Teaching Commons > Teaching Guides > Flex Teaching > Flex Classroom Features

Flex Classroom Features

Flex classrooms are designed specifically to enable everyone to participate in class activities regardless of their location. Rather than making remote participants feel like "add-ons," observing the workings of the class from afar, they can see and hear the same things that those in the room do, and can actively participate.

DePaul has two types of Flex classrooms: Trimodal rooms and Zoom+ Rooms. There are some common features to both types of rooms, and some differences, as will be explained below. There are also Capture rooms on both campuses, but those are primarily used for lecture capture only, and do not offer the interactive features that will enhance the teaching experience.

Where are the Flex classrooms located?

Flex classrooms are located on both DePaul campuses, and are a mix of Trimodal, Zoom+ and Capture rooms. For specific room locations and notes​, consult the tables on these two pages:

The table below provides the number the rooms available on each campus:

Trimodal Capture Zoom+  Total
Lincoln Park Campus 26 25 38 89
Loop Campus 32 21 34 87
CDM 5 0 19 24

(Note: CDM has a specific set of classrooms because of the Course Online model they've been running for many years.)

Trimodal and Zoom+ Room Commonalities

Both Trimodal and Zoom+ classrooms allow you to host classes that include active remote participants. These rooms feature a podium with:

  • A PC computer with touch screen
  • Another computer running Zoom Rooms software that allows you to connect over Zoom, share your screen, etc.
  • 1+ screens for viewing Zoom participants and shared content

Trimodal Classrooms

Trimodal Features
  • Screens: Dual mounted large screens located at both the front and back of the room. The front presentation screen is also a touch screen. Screens are mirrored to the front and back, so the presentation screen and remote participants are always visible no matter which direction the instructor faces.
  • Cameras: Two, mounted at the front and back of the room, switchable
  • Microphone: Pressure-sensitive ceiling-mounted microphone
  • Document camera: A camera mounted on a swivel mount that allows you to capture written notes on paper, artifacts, etc.
Trimodal Layout
a layout diagram for trimodal rooms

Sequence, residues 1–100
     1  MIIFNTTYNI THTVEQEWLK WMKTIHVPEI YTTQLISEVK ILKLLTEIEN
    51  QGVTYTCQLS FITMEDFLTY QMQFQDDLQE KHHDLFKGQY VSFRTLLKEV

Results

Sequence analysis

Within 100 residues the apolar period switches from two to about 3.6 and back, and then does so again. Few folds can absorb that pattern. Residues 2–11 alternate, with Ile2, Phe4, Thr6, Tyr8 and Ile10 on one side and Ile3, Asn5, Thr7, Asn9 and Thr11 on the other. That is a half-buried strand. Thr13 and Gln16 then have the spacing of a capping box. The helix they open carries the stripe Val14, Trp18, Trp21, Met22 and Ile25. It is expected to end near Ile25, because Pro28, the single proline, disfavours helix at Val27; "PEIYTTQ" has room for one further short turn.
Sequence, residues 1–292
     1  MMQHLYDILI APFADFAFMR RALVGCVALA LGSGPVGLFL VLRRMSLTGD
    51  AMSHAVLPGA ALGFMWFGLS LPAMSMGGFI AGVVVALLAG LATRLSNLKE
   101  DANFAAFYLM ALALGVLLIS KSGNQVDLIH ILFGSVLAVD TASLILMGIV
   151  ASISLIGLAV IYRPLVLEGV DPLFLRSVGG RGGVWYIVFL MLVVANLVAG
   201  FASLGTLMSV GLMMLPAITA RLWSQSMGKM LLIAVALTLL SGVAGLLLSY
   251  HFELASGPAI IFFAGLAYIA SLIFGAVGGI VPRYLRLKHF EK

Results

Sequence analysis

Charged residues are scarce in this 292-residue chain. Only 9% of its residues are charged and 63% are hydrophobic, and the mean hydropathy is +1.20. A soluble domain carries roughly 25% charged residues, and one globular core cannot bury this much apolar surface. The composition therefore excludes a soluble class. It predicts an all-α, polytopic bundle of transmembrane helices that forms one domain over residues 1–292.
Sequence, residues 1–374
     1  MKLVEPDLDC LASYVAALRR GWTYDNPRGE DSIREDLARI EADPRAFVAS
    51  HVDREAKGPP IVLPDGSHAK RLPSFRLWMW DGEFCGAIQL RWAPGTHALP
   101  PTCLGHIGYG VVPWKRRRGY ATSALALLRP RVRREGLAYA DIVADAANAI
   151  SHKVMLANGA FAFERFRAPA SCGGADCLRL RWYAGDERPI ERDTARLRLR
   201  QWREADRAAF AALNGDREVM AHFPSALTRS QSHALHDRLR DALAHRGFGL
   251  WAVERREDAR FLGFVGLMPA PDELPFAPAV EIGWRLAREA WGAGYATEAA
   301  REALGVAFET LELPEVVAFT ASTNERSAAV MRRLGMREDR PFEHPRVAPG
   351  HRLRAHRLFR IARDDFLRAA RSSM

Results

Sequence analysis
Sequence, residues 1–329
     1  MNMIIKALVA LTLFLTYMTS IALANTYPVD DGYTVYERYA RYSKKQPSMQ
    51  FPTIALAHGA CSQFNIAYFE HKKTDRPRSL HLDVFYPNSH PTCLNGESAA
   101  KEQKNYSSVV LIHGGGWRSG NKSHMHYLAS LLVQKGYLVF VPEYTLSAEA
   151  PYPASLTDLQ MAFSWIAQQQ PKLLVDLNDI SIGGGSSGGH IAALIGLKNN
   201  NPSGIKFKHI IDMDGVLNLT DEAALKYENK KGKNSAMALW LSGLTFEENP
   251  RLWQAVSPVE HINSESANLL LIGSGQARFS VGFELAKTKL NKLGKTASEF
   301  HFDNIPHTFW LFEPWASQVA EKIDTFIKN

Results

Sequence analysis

Zoom+ Classrooms

Zoom+ Features
  • Screen: Front-mounted screen (pull-down or use switch) with accompanying ceiling-mounted projector
  • Camera: One mounted camera at rear of room facing instructor
  • Microphone: Pressure-sensitive ceiling-mounted microphone
Zoom+ Layout
Diagram of Zoom Rooms showing 1 presentation screen, 1 camera, 1 podium PC

Areas of Visibility

No matter which type of room you may be teaching in, there is plenty of room to move around and stay on camera. The diagrams below represent a rough estimate of the area where the instructor is visible in the room. If needed, you can adjust the camera's field of view in Zoom Rooms: See "Camera View" in these​ instructions for adjusting the view. 

Area of Visibility, Trimodal

Diagram of a Trimodal room with an overlaid rectangle illustrating the visibility area of the cameras, which is approximately 80% of the room on center .

Area of Visibility, Zoom+

Diagram of a Zoom+ Room with an overlaid rectangle illustrating the visibility area of the camera, which is approximately 30% of the room from front of classroom.

Visibility Considerations

When you are teaching in a camera-enabled classroom, you should:

  • Try to limit your movements to the camera's field of view. Try walking around the room just before class starts to test the limits and find any blind spots.
  • Face the camera as much as possible, and avoid speaking to the presentation screen. Since the microphone is in the middle of the room, it does not pick up voices directed away from it.
  • If necessary, the camera can be manually repositioned. (See How-to guides)

To make sure you can be heard:

  • Test the audio pickup from the center and the corners of the room; ask for feedback from the remote learners on areas where audio pickup is low.
  • Practice active listening in the classroom and repeat questions as needed to ensure everyone can hear.
  • Avoid making sounds in the classroom that can create a significant distraction for remote learners, such as pen clicking.
  • Mute your microphone when small group work is happening in the classroom and when F2F students are joining breakout rooms via laptops.
  • Also, be sure to mute participants on entry to the room to avoid mystery feedback.

Remote Students

It's important to make sure that the remote students are able to see and hear what is going on. Despite the fabulous technology in the rooms, it is still possible to move out of their field of vision or for them to have difficulty hearing or seeing a demonstration.

If possible, face to face students should be able to see and engage with the remote students directly. This is easiest to do in Trimodal rooms, whose array of multiple monitors make the remote students always visible.

Keep in mind that if you are in a Zoom+ Room, the only way to see the remote students is via the podium computer, unless you share the gallery view.